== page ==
To find this and previous JAMA Patient Pages, go to the Patient Page link on JAMA's Web site at http://www.jama.com. Many are available in English and Spanish. A Patient Page on blood transfusion was published in the October 6, 2004, issue; one on causes of visual impairment was published in the October 15, 2003, issue; one on premature infants was published in the June 3, 2009, issue; one on genital herpes was published in the June 27, 2001, issue; one on chickenpox was published in the August 17, 2005, issue; and one on shingles was published in the July 1, 2009, issue.

Sources: Centers for Disease Control and Prevention, World Health Organization, March of Dimes, American Academy of Family Physicians, American Academy of Pediatrics, American Congress of Obstetricians and Gynecologists

The JAMA Patient Page is a public service of JAMA. The information and recommendations appearing on this page are appropriate in most instances, but they are not a substitute for medical diagnosis. For specific information concerning your personal medical condition, JAMA suggests that you consult your physician. This page may be photocopied noncommercially by physicians and other health care professionals to share with patients. To purchase bulk reprints, call 312/464-0776.




Also Meets CME requirements for:
Browse CME for all U.S. States
Accreditation Information
The American Medical Association is accredited by the Accreditation Council for Continuing Medical Education to provide continuing medical education for physicians. The AMA designates this journal-based CME activity for a maximum of 1 AMA PRA Category 1 CreditTM per course. Physicians should claim only the credit commensurate with the extent of their participation in the activity. Physicians who complete the CME course and score at least 80% correct on the quiz are eligible for AMA PRA Category 1 CreditTM.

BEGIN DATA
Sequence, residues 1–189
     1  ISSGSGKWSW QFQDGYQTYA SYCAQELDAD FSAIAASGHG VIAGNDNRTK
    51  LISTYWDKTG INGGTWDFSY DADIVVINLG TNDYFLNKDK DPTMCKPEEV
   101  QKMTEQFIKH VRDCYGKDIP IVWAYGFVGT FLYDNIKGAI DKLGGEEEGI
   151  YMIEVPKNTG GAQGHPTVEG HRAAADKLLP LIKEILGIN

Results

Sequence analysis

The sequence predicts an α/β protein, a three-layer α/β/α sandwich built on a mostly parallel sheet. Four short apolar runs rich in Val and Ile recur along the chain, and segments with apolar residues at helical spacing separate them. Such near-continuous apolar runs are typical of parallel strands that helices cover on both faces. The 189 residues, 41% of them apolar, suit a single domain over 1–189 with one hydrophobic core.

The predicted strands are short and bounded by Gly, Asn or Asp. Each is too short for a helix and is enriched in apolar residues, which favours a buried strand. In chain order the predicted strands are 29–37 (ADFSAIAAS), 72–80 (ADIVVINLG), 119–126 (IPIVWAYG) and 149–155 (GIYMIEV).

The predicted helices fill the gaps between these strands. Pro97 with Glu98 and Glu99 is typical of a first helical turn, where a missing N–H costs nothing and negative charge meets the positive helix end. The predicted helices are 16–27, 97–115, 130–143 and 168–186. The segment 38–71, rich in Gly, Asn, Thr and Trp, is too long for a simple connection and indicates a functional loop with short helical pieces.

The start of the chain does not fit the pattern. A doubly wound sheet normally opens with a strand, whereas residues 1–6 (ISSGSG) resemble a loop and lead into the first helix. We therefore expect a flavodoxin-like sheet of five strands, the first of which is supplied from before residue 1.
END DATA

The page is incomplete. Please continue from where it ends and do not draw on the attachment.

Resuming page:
Note: You must get at least of the answers correct to pass this quiz.
Please click the checkbox indicating that you have read the full article in order to submit your answers.
Your answers have been saved for later.
You have not filled in all the answers to complete this quiz
The following questions were not answered:
Sorry, you have unsuccessfully completed this CME quiz with a score of
The following questions were not answered correctly:
Commitment to Change (optional):
Indicate what change(s) you will implement in your practice, if any, based on this CME course.
Your quiz results:
The filled radio buttons indicate your responses. The preferred responses are highlighted
For CME Course: A Proposed Model for Initial Assessment and Management of Acute Heart Failure Syndromes
Indicate what changes(s) you will implement in your practice, if any, based on this CME course.


Spanish Patient Pages
Supplemental Content

Some tools below are only available to our subscribers or users with an online account.

0 Citations

Related Content

Customize your page view by dragging & repositioning the boxes below.

Articles Related By Topic
Related Collections
PubMed Articles